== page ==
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Health & Nutrition

From Manolo Blahniks to Birkenstocks: Are Walkable Cities Impacting Fashion Trends?

September 6, 2014 by Jillian Glover

Urban Walkability and Fashion

Last year, when some of the fashion blogs I followed were talking about Birkenstocks coming back in style, I laughed it off as a ridiculous fad. Then I became a new mom in the summertime, who needed to get around her walkable neighborhood in a comfortable shoe that could be slipped on and off easily.[read more]

The Daunting Challenge of Unwalkable America

September 5, 2014 by Kaid Benfield
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Urban Walkability

This won’t be breaking news to most readers, but Americans don’t walk very much. Periodically, National Geographic publishes a 17-nation “Greendex” study on, among many other things, transit use and walking. In 2012 we Americans came in dead last on both indices, and it wasn’t close.[read more]

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One Year On From Car-Free Month in Suwon, What Has Changed?

September 2, 2014 by David Thorpe

Old tyres make a sculpture for a cyclist in a car-free area to gaze at.

It's exactly one year since the city of Suwon in South Korea practised an amazing experiment. In the Haenggung-dong neighborhood, 1500 cars were removed from the streets as their 4,343 owners volunteered not to use them for one whole month. What has changed since then?[read more]

Make No Little Plans

August 31, 2014 by Brandon Donnelly

Water in Chicago

I’m a big fan of Chicago. Having now visited, I can say that everyone was right when they told me that I was going to love it. But I don’t want to talk about any of these things today. I want to talk about something much more specific that stood out to me last weekend: Chicago’s relationship to both the water and the street.[read more]

Disappointed with Gardening Ideas You Find Online? OpenFarm Wants to Change That

August 30, 2014 by Jeff McIntire-Strasburg

Online Gardening Ideas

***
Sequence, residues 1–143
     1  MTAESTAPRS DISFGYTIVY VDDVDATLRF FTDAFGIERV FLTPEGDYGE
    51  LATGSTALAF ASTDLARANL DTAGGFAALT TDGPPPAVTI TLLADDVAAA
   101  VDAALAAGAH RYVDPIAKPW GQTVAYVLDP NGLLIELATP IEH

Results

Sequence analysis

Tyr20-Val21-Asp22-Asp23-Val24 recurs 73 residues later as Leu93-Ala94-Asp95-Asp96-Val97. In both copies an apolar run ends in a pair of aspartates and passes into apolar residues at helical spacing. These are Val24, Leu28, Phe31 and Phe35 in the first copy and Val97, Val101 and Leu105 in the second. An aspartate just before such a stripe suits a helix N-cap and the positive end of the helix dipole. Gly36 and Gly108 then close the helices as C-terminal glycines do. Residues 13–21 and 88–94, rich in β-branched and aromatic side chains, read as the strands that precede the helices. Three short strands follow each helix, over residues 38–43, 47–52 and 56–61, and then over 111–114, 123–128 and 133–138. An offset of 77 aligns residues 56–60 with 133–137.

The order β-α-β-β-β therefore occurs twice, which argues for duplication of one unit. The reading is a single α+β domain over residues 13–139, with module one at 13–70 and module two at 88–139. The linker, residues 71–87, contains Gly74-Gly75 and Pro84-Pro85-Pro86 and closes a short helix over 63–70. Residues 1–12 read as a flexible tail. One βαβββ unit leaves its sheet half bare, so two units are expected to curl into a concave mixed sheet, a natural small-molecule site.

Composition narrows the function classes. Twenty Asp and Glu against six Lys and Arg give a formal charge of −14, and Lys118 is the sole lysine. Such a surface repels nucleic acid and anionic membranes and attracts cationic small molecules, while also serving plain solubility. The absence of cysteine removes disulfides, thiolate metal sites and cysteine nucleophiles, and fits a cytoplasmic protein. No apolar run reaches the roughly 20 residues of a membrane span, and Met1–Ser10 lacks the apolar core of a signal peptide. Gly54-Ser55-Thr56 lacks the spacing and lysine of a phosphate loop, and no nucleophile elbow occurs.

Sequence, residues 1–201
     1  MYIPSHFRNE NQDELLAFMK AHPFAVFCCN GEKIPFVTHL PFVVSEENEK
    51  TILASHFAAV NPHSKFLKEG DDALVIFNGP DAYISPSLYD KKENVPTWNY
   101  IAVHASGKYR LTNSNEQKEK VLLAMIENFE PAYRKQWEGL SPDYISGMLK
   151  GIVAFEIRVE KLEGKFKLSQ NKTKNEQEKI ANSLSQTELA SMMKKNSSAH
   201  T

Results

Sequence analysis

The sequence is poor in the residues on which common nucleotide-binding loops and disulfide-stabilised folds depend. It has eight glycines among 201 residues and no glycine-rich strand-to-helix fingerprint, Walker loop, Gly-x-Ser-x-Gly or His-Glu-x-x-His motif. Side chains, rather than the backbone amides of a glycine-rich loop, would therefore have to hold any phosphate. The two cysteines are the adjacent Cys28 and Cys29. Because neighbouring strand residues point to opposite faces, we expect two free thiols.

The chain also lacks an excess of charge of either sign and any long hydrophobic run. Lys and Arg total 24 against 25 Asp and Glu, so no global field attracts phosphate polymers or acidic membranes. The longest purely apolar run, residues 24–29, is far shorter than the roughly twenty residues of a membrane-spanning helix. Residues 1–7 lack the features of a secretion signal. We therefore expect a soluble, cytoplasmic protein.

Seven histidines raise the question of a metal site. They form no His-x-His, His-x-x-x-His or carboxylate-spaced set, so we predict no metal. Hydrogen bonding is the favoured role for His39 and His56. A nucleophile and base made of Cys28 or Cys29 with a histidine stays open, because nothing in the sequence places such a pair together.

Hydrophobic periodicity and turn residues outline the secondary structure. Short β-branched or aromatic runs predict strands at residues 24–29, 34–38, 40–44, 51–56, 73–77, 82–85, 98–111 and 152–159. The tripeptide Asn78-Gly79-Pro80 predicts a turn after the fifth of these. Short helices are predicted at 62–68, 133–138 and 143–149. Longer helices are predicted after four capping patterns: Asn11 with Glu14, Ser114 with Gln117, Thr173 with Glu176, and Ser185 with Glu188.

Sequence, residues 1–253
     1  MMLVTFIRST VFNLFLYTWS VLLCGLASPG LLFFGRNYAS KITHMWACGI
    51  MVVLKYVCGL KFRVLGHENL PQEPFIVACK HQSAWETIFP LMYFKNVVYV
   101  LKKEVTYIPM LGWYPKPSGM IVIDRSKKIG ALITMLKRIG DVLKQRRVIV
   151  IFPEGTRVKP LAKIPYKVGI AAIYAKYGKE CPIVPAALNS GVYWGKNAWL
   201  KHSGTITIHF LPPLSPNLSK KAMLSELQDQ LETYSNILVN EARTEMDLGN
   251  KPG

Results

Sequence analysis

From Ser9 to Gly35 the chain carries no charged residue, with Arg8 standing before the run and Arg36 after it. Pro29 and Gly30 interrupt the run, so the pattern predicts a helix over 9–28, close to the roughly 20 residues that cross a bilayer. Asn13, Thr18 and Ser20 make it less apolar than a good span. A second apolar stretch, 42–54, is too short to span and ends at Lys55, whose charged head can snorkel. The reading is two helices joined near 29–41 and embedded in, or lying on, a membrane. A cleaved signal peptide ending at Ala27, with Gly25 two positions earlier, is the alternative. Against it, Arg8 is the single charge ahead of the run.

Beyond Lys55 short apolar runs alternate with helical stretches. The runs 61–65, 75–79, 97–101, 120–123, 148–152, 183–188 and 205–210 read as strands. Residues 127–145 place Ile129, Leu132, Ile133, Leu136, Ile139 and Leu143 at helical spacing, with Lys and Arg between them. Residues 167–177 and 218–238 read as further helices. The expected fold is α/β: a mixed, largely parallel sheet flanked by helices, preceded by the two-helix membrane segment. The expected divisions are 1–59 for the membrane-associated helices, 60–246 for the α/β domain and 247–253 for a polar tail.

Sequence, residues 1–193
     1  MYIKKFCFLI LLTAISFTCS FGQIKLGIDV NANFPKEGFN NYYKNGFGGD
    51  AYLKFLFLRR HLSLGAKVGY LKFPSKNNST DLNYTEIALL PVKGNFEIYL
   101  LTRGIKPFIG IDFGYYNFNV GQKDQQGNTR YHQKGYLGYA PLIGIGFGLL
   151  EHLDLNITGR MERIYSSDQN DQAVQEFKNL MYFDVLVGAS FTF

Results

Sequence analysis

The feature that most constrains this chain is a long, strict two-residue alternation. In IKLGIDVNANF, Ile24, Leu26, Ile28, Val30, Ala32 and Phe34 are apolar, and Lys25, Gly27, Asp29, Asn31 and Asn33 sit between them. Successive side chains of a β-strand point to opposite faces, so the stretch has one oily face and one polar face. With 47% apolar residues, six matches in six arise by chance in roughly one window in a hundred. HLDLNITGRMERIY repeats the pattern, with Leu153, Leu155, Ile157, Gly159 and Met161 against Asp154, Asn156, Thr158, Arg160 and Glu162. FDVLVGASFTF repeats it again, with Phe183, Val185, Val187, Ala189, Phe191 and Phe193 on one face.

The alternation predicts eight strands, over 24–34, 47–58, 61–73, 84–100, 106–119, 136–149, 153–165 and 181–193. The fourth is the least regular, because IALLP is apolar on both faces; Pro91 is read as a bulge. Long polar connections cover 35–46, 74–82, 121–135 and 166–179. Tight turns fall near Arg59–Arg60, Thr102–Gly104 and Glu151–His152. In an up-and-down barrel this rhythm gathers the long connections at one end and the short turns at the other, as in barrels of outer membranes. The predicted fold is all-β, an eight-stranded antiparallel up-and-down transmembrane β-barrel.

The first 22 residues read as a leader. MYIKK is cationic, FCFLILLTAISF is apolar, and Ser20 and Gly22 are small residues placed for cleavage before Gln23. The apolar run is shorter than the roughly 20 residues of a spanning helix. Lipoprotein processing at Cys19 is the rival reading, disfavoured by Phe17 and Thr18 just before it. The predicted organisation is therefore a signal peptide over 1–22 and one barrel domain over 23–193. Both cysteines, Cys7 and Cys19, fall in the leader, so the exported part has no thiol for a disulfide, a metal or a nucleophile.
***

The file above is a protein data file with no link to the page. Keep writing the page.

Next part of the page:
I love to share gardening ideas I find, or have even tried, but I know that there will always be specifics of a planting situation for which I can’t account. Soil quality, rainfall, sunlight, and pests are just a few of the elements that will play into the success of any gardening project, and they can vary widely.[read more]

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Call for Imaginative Design to Build Green Infrastructure in Our Cities

August 29, 2014 by David Thorpe

Arup's vision of a fully greened city.

Cities Alive: Rethinking Green Infrastructure from the Landscape Institute and Arup shows how the incorporation of green infrastructure with imaginative design can help to create healthier, safer and more prosperous cities. It calls for green infrastructure to have a much more influential role in the planning and design of cities and urban environments.[read more]

Bees as Bellwether: Studying Colony Loss In the United States

Bee Loss and Environmental Risk

If you keep bees, have an interest in bees or have ever heard the often muttered phrase ‘Colony Collapse Disorder’ or CCD, you may have heard of Jonathan vanEngelsdorp, research scientist for the University of Maryland and former State Apiarist for Pennsylvania.[read more]

Friday Fun: Cycling Innovations Make Bikeable Cities Worldwide

August 29, 2014 by TheCityFix - produced by EMBARQ

Biking Innovation

Instead of sitting in gridlock on a busy road at 8:30 am, imagine cycling safely in dedicated lanes for a quick, pleasant commute. Many cities around the world are making investments that will give residents a faster, safer cycling experience through innovative infrastructure and urban design.[read more]

Rochester, Minnesota Aquaponic Startup Takes Farm-to-Fork to a Whole New Level

Minnesota Aquaponics

Many restaurants boast a farm-to-fork experience, but how many diners are able to eat food harvested right before it arrives on their table? Fresh with Edge, which is headquartered in Rochester, Minnesota, makes such a thing possible.[read more]

Yes, Another Article About Ebola

August 27, 2014 by Future Cape Town

Ebola, Public Health, and Risk

We have all read articles online and in newspapers, watched continuous reports on news channels about the virus that is affecting West Africa, specifically Liberia, Guinea, Sierra Leone and Nigeria. There is no need to regurgitate what has been broadcasted, the information is everywhere and free for all.[read more]

Waste Not, Want Not: Author Explores America's Food Waste Problem

Food Waste Problems

Local and sustainable food is great, as long as it is put to use. But according to food writer Jonathan Bloom, many people are chronic wasters of what they eat, which results in the loss of nutrition (not to mention the effort required to produce it) to a vacuum.[read more]

North Carolina Startup Seeks To Crossbreed An Urban Farm With A Grocery Store

Farming and Grocery Mix

Imagine going into a store and picking out your dinner by literally pulling it up by the roots. Sound farfetched? It’s not. In fact, it’s the behind a North Carolina-based venture called the Farmery. The project is an effort to blend a retail grocery with the freshness of an indoor urban farm.[read more]